Instead of taking his “expertise” elsewhere, he continued haranguing me in a belittling manner, trying to justify his position and beat me into submission.

RESULT: Unfollowed and blocked.

Lessons learned trying to change the world

I know there are some out there who will be thinking “wow, what a bunch of assholes” … and perhaps they are. That is part of human diversity I suppose.

But in situations like this, I go inside myself first and reflect on my part of the failures. What was my role? Could I have done something better? Here are some thoughts on handling conflict on the internet.

People are people

Despite the situations, these people were all human beings with human emotions. I put them in an embarrassing situation by calling them out. Maybe somewhere deep inside they knew they were wrong but their defense mechanisms took over and there was a counter-attack. I can understand that. Most people are sensitive to criticism.

I either have to expect a counter-attack or find another way around it.

The connections were not deep

The Hater and The Intolerant were sort of friends. I had met them face to face a time or two, we shared some laughs many years ago. But they were not close friends at all. The LinkedIn spammer was a complete stranger.

I think it would have made a difference if these were people who had a shared history with me, who knew I didn’t have some other agenda. There have been times when a true friend crossed a line and listened to me, so I think depth of relationship matters.

What about my tone and words?

I tend to be business-like and direct. Maybe I should have buttered them up with some friendly chit-chat first … a spoonful of sugar so to speak?

Would people be more open to criticism if it were part of a flow of conversation instead of a bang on the head?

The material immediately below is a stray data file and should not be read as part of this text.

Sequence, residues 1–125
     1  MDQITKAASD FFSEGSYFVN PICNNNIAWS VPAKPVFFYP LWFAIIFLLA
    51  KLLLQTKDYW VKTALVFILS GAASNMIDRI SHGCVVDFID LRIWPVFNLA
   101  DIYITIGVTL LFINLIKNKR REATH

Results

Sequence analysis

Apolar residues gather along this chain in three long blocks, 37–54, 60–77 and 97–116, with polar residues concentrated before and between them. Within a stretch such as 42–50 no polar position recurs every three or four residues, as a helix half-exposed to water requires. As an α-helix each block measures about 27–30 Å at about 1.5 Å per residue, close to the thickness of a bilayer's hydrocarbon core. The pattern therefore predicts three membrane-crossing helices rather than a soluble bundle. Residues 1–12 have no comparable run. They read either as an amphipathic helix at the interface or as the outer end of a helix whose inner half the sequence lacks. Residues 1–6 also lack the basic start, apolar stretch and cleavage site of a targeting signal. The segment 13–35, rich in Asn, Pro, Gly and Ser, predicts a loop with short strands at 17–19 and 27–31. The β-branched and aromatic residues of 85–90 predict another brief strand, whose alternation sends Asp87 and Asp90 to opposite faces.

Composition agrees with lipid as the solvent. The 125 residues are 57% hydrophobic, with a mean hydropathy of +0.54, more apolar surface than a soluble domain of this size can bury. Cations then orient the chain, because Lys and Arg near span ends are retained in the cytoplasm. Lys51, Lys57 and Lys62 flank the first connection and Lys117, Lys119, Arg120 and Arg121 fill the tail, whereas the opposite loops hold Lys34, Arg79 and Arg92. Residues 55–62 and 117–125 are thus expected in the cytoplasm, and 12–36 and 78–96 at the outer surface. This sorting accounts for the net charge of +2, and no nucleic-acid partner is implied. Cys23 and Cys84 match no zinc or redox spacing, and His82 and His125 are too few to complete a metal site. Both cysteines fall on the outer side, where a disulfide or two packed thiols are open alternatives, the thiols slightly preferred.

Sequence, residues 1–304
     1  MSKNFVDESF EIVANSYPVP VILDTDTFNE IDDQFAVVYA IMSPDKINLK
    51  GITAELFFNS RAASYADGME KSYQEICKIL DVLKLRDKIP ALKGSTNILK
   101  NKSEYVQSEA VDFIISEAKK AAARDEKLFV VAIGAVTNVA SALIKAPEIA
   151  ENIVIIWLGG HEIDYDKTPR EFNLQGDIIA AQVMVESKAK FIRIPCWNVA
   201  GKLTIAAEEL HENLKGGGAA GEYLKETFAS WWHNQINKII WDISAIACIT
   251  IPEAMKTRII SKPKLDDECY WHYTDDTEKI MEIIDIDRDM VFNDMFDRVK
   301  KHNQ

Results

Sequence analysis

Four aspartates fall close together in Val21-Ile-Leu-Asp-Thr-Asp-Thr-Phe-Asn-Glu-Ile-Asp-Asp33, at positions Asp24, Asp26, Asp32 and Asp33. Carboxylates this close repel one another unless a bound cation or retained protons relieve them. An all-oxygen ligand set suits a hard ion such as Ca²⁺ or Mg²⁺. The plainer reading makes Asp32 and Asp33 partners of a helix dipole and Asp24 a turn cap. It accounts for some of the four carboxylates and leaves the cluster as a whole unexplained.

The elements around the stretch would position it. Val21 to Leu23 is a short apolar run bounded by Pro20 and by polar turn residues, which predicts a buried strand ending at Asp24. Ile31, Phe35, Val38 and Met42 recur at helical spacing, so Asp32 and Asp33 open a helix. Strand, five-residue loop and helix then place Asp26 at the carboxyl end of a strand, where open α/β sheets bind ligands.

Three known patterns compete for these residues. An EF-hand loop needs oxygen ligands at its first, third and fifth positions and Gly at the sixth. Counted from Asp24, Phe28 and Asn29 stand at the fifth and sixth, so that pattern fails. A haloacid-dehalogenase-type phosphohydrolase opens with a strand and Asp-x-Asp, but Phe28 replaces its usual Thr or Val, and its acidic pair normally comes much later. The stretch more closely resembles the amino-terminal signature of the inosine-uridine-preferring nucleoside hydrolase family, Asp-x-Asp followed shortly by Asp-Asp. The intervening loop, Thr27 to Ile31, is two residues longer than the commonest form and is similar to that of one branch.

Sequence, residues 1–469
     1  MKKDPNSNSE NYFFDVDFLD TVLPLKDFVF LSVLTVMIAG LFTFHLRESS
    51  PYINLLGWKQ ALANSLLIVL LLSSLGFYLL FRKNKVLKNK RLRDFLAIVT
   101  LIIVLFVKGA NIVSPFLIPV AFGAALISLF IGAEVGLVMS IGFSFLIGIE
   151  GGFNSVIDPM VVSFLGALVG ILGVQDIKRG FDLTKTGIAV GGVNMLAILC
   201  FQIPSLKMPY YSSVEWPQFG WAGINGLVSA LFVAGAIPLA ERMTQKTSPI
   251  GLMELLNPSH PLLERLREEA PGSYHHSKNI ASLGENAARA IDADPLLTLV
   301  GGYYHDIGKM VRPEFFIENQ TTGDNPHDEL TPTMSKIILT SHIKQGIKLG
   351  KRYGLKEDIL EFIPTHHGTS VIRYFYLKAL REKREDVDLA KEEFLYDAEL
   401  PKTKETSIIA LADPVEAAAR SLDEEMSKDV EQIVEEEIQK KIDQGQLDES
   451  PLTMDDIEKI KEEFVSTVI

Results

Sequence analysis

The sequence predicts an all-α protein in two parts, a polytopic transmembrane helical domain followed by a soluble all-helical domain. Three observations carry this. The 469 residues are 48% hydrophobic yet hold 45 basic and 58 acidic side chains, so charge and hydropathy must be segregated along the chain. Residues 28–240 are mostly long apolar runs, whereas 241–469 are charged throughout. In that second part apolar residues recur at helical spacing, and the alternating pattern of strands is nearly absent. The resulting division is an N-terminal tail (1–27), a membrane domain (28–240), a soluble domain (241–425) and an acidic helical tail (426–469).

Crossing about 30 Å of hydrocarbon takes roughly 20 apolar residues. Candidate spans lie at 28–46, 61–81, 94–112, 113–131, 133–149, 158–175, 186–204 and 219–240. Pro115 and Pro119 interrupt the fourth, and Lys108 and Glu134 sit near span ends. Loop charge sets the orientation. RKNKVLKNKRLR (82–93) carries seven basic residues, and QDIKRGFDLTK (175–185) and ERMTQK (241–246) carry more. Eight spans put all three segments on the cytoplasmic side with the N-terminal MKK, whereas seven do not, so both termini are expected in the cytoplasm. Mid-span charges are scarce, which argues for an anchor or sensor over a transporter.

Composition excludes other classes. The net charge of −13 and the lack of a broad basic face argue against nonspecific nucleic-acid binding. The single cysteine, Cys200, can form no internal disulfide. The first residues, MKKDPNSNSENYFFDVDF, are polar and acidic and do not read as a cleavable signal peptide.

Should I be saying anything at all? Who made me the integrity cop? Should I just let this stuff go?

Dents in the world

So what is the conclusion?

Obviously I am not a perfect person and there are always things I can do to be better. But at this point in my life. I don’t want to tolerate hate. I don’t want to tolerate intolerance. I don’t want to accept lazy marketing practices that annoy us, abuse our privacy rights, and give the marketing profession a bad name.

Although I probably failed in these instances, I don’t know the impact for sure. Maybe I made a dent. Maybe after their rants they wondered if I had a point. I’ll never know. But maybe.

One thing for sure is that I don’t want to whine about the world without trying to do something about it. I want to make a difference but I’m not sure I’m having much success.

I’ll try to do better next time … but I will keep trying.

Keynote speaker Mark SchaeferMark Schaefer is the chief blogger for this site, executive director of Schaefer Marketing Solutions, and the author of several best-selling digital marketing books. He is an acclaimed keynote speaker, college educator, and business consultant.  The Marketing Companion podcast is among the top business podcasts in the world. Contact Mark to have him speak to your company event or conference soon.

Illustration courtesy of Unsplash.com